This Flute of Mine, So Gay

Right now somewhere in Los Angeles and New York, simultaneously, there’s a conference call to discuss whether or not our show is going to Aspen. We won’t know for a few hours. I’m trying to pretend my stomach isn’t twisting in knots.

I’m working on one script while reading another, and because my brain is being pulled in too many directions, I thought I’d take a moment to tell you about this past weekend. Immediately after announcing the Battle of the Seven Rebeccas, one dropped out and another declared herself the winner. After hearing this story, you might agree.

Saturday night, Dan, Adam and I went to see Rebecca sing in her pretty concert. It was all holiday songs, and very pretty. Attending this event with Dan and Adam was like when Adam went to see The Pixies with me. But instead of me squealing, “I hope they do ‘Gigantic’,” Adam and Dan were like, “Ooh! They’re doing ‘Fum, Fum, Fum’!”

I was fine until I read the translation for Allons, Gay Bergeres :

Come, gay, gay, gay, shepherds. Be joyful. Follow me. Come, come to see the King who, from heaven, on earth is born. I will give him a nice present. Of what? Of this flute of mine, so gay. A cake will I give him; and I will offer a full tankard. Ho, ho, be quiet! I see him. He suckles well without his thumb, the little King. The King is drinking.

People, how am I supposed to hold it together? I mean, come on.

Later, when Dan was explaining to me that he’s an Enemy to Art mostly because he often feels like he’s just not in on the joke, I promised I’d expose him to the kind of art that doesn’t make you feel stupid. I told him that I was at this concert even though I know nothing about sightreading or choir music or gay kings, but I don’t worry when I’m not getting all of it. I can still appreciate it. Dan agreed to try more art. We went back in for the second half of the show, which ended with a Twelve Days of Christmas, with each verse sung in different musical styles from a Gregorian Chant to 19th Century America. By the time they got to “Eight Maids-a-Milking from 19th century Germany,” the audience was rolling with laughter. Screaming. The man in front of us was spasming like Eddie Izzard was doing his Englebert Humperdink routine. I turned to Dan and raised a single, arty eyebrow. “Fine,” he admitted. “You win.”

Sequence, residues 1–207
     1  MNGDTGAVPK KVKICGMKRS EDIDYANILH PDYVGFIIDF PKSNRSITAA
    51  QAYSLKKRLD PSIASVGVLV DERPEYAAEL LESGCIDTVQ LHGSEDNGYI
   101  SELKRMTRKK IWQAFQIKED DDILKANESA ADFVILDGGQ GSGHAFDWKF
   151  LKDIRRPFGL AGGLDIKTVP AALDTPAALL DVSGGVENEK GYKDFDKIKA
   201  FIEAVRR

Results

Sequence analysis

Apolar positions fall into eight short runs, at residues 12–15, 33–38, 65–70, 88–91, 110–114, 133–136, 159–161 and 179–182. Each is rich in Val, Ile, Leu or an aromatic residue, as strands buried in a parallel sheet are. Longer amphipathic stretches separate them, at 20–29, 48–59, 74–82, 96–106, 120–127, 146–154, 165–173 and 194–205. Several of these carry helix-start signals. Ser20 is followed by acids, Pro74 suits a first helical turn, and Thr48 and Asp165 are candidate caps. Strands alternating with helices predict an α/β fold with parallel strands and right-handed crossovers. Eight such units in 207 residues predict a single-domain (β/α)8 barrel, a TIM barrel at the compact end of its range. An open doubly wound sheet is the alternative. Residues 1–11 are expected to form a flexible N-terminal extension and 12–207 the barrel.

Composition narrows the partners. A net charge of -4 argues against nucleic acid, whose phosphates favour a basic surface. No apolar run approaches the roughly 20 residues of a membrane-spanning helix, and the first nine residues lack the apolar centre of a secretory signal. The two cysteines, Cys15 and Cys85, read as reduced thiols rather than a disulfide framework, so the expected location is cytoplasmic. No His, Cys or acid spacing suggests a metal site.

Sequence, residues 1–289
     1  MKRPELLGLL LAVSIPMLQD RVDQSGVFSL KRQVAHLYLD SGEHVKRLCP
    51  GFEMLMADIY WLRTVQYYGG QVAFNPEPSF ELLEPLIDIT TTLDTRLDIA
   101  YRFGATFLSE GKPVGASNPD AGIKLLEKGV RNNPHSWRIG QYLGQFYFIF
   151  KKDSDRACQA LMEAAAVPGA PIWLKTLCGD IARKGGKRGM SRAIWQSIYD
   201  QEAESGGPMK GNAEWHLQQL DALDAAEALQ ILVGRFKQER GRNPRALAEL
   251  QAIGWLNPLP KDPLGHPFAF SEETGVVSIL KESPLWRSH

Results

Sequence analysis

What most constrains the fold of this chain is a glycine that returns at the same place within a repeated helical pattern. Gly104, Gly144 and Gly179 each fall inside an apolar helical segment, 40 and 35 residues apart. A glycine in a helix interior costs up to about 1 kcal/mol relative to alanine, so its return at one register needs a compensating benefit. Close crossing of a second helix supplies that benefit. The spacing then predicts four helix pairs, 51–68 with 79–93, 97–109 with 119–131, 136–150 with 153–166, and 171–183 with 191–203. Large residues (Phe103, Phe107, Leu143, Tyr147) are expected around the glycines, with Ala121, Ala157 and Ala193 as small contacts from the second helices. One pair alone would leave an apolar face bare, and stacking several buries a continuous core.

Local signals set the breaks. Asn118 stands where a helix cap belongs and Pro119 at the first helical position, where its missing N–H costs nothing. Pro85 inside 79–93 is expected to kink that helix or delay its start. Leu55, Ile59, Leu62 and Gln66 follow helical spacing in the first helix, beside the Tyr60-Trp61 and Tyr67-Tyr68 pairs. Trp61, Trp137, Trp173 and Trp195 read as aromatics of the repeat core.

Anyway, the concert was beautiful and there was much singing and afterwards we were still in the singing mood when we all headed over to a Silverlake piano bar. Now, I’ve never heard of a piano bar in Silverlake, and I lived there for two years, so when I saw the address I said, “This place is either inside a gay gym or it’s inside a gay porn store.” Either way, we were excited to find out. As we walked through the cold rain to find the super-secret hangout, Adam noted, “This night isn’t over until the three of you are singing and I’m playing the piano with my ass.”

This tiny little piano bar can only be entered from the back (Ho, ho, be quiet!). When we walked in, the guy at the piano was playing one of my least favorite songs of all time: “Benny and the Jets.” Earlier, at the reception, Rebecca and I were talking about drinking. She was complaining that whenever she drank she found herself yelling by the end of the night, thus ruining her singing voice. I countered that she just hadn’t found the right drink yet, since Kir Royals make me fun and silly, Vodka Martinis make me puke in public and Tequila makes me act like a trollop with a full tankard. “I should try that Kir Royal,” Rebecca said. “We’ll get them at the piano bar,” I decided.

A round of Kir Royals later, and Rebecca, Adam and I are seated in the row of chairs around the piano. It was set up not unlike a stripper stage (not that I’d know anything about that), with holly and ivy twined around the edge of the bar. Holly had fake boobs, but Ivy knew how to hang upside down from the pole by her thighs. Ba-dum-bum. Dan was off talking to some friends from work, and I was watching the dinnerless Rebecca enjoy herself. She sang along with the piano man. “I think this is the best drink in the world,” she said to me. Adam accidentally spilled half of his Kir Royal on the woman sitting next to us. She moved to the other side of the piano.